This week Christian CND delegates have been in Geneva for meetings on the Nuclear Non-Proliferation Treaty. The Treaty has been the foundational international statute for many decades and contains provisions for nuclear-armed states to negotiate away their weapons as well as aiming to stop the spread of the weapons.
In recent years talks at these meetings have become deadlocked, with the nuclear -armed states unable to agree on a way forward. Moves towards nuclear disarmament have been given fresh impetus with the agreement of the Treaty on the Prohibition of Nuclear Weapons last July. Many of the states who spoke in Geneva hailed the new Treaty.
Christian CND attends these meetings to play our part in the civil society effort on the fringe of the meetings. As well as observing the main hall and the national speeches we met with diplomats to discuss international developments. Much of this work follows on from our Embassies Walk which took place in March.
On Tuesday morning Christian CND delegates joined others in gathering outside the venue to pray for the success of the talks. The Bible tells us in 1 Timothy 2 to pray for “all who are in authority, that we may lead a peaceful and quiet life”. It was our joy to able to do just that at such an important time.
The UK representative in Geneva said that it would remain a nuclear-armed state “for the foreseeable future”. Describing the UK as a “responsible nuclear weapons state” the spokesperson said the UK remained “determined to make progress” on negotiations under the Non-Proliferation Treaty towards disarmament, but said that actions from other states are undermining the chances. No talks have been held under the provisions of the Non-Proliferation Treaty for many years.
Later in the week we were able to join others in meeting Matthew Rowlands, the UK Ambassador attending. We hope that we will be able to have further meetings with officials back in London.
At the CND fringe meeting Labour Shadow Minister Fabian Hamilton acknowledged that the majority of Labour members want the Ban Treaty to be a success and want the UK to sign. CND Chair Dave Webb spoke of the injustice in spending £205billion on a new generation of nuclear weapons while food bank usage has soared and people are waiting record times in hospitals.
Bolivia has become the latest state to sign the Treaty on the Prohibition of Nuclear Weapons, which was agreed at the United Nations in July 2017. The Treaty was supported by 122 nations, with the UK and the other nuclear powers refusing to participate in the process.
President Evo Morales made Bolivia the 58th signatory to the Treaty, with seven of those states having already completed the ratification process. The Treaty will come into force once it has been ratified by 50 states.
Christian CND continues to call on the UK government, and all states possessing nuclear weapons, to join the international consensus against nuclear weapons. As part of our Embassies Walk in March we visit a number of diplomatic missions in London and spoke about the need to make swift progress on ratification. We are please to see progress continues to be made and thank God for it.
Christian CND has joined other civil society groups in writing to Boris Johnson, the Foreign Secretary ahead of the Non-Proliferation Treaty (NPT) Preparatory Committee in Geneva, calling for the government to use the meeting to move towards nuclear disarmament.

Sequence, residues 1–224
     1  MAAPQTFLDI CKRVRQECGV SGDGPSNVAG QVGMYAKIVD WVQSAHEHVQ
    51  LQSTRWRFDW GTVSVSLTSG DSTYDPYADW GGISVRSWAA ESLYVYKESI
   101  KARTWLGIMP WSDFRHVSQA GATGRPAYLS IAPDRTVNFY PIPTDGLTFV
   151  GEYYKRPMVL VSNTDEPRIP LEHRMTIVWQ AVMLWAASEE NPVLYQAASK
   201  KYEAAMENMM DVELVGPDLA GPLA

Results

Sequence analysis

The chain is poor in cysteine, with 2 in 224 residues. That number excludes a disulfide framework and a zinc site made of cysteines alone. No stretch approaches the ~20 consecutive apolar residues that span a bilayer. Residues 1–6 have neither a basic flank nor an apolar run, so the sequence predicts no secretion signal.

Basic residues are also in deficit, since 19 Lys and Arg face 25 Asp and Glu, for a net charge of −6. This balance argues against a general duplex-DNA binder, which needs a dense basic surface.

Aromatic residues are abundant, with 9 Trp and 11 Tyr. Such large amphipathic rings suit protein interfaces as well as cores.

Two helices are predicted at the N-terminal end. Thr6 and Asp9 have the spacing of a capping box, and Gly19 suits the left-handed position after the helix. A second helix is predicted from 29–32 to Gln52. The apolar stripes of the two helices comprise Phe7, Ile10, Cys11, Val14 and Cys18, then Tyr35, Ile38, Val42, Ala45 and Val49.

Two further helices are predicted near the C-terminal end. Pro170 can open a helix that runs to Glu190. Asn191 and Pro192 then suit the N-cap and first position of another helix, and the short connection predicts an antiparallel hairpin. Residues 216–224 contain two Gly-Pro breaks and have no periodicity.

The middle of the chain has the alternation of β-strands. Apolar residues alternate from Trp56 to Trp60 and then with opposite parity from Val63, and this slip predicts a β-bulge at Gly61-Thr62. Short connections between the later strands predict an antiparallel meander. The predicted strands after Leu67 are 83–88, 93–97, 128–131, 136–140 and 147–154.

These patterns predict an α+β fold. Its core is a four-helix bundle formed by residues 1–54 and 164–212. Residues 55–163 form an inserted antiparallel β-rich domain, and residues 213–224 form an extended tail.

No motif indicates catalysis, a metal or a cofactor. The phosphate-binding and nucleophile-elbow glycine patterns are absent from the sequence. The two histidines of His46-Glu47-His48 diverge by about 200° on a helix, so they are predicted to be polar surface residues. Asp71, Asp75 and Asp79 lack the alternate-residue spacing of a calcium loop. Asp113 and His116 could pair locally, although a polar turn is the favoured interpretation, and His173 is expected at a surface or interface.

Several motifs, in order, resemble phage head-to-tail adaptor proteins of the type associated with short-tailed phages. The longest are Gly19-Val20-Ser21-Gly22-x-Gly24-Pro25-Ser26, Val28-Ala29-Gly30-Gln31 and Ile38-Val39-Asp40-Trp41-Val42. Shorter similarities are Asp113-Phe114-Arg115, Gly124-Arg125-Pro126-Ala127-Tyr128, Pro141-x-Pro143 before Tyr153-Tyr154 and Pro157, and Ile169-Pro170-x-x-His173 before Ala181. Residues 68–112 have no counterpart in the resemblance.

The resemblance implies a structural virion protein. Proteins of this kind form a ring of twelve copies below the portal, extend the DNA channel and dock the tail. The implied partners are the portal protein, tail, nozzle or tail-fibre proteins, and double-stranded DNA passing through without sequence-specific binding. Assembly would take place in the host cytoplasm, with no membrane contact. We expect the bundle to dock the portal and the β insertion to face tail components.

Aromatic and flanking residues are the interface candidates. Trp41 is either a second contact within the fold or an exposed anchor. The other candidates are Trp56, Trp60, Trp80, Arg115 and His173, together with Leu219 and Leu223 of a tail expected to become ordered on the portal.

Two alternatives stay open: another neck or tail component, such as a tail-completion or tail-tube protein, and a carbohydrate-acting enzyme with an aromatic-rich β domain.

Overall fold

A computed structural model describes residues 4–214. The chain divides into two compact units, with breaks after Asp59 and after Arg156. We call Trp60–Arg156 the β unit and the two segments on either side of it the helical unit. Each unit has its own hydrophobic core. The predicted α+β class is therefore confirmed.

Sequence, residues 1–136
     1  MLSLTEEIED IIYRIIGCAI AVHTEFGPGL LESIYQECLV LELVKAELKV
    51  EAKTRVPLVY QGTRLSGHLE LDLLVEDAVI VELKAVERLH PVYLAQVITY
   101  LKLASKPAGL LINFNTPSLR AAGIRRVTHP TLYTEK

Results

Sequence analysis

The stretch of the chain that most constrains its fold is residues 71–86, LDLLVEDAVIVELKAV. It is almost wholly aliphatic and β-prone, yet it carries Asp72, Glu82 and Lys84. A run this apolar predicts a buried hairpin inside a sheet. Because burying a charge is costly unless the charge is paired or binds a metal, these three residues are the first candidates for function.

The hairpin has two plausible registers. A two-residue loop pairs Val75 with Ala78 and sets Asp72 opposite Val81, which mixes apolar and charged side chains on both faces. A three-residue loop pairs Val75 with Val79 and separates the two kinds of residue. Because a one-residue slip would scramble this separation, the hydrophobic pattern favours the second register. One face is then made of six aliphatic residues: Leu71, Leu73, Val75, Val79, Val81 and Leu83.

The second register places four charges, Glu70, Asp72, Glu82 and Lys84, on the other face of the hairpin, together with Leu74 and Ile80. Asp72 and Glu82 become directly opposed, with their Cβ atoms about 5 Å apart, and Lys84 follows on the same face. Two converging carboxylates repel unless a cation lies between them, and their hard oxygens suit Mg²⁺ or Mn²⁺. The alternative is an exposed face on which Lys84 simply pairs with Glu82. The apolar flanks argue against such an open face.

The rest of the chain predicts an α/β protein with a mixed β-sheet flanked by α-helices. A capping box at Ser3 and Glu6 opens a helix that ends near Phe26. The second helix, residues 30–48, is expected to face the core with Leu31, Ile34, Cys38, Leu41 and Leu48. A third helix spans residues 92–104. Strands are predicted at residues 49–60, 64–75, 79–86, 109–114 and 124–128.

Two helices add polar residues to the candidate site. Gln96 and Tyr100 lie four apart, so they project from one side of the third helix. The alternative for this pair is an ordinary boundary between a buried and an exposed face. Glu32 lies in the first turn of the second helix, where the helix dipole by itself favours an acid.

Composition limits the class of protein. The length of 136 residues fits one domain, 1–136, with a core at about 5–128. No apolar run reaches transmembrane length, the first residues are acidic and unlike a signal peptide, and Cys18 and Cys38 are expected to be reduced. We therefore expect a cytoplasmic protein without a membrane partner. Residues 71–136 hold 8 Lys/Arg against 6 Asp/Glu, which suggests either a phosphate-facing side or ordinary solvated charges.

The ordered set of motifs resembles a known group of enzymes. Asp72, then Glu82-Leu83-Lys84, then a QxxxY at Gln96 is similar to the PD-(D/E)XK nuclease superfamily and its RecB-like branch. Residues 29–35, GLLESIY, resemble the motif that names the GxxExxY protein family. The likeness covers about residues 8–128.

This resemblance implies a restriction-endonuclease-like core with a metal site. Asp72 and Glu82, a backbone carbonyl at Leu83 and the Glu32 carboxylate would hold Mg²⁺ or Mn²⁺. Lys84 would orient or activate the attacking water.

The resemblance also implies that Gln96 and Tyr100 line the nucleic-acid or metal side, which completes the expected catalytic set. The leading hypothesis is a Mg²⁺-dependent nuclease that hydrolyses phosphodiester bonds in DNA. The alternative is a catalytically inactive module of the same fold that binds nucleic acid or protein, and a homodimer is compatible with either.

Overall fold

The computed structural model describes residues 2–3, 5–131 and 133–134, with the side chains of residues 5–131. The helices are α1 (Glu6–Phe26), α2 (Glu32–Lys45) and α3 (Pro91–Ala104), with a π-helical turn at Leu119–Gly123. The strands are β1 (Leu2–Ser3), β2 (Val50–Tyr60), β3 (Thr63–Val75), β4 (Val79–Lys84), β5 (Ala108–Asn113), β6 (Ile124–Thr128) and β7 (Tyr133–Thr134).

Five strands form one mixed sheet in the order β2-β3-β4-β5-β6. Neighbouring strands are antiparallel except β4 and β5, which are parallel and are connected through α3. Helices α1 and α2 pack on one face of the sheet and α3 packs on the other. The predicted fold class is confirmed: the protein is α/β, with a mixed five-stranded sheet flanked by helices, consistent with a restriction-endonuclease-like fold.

The Non-Proliferation Treaty has been a cornerstone of efforts for a nuclear weapons-free world for decade, but there has been little progress towards disarmament in recent years.
The letter also calls on the government to attend the UN High Level International Conference on Nuclear Disarmament, taking place in New York in May.
In light of the ongoing crisis in Syria, Christian CND has issued the following statement:
Christian CND is deeply saddened by the situation in Syria and the apparent use of chemical weapons. Any murder is regrettable and we condemn all sides who have been responsible for civilian deaths including in Douma. The images of children suffering are incredibly sad and we believe they grieve the heart of God.
We understand that many Christians will feel a conflict between the Biblical calling to be peacemakers and to stand up for the weak. There can be no doubt that those innocent civilians who have lived through years of civil war need to be defended, but we doubt that the further bombing, by the UK, America, Russia or any other nation, will do anything to protect those most in need.
Christian CND appeals to all parties to engage in immediate dialogue with a view to both ending the killing and move beyond this brutal conflict.
We urge all believers across the world to join us in prayer over the next 48 hours, both for Syria, Syrians and for political leaders around the world.
Please join us in lifting up prayers this weekend and throughout the coming week.
On Easter Sunday Christian CND joined many others at Aldermaston, home of the factory manufacturing the UK’s nuclear weapons. The event was marking the 60th anniversary of the very first march from London to Aldermaston and is part of the celebrations of CND’s 60th birthday.
Easter is the perfect time to think of peace. Jesus’ death on the cross and resurrection enabled us to have peace with God, which in turn motivates us to seek peace in the world.
As part of the day Christian CND members and supporters had filled in Peace Doves with messages of hope and peace. These were then tied to the fence surrounding the facility.
The event finished with a vigil during which candles were lit and prayers said both for those involved in the manufacturing of nuclear weapons at Aldermaston and for peace around the world.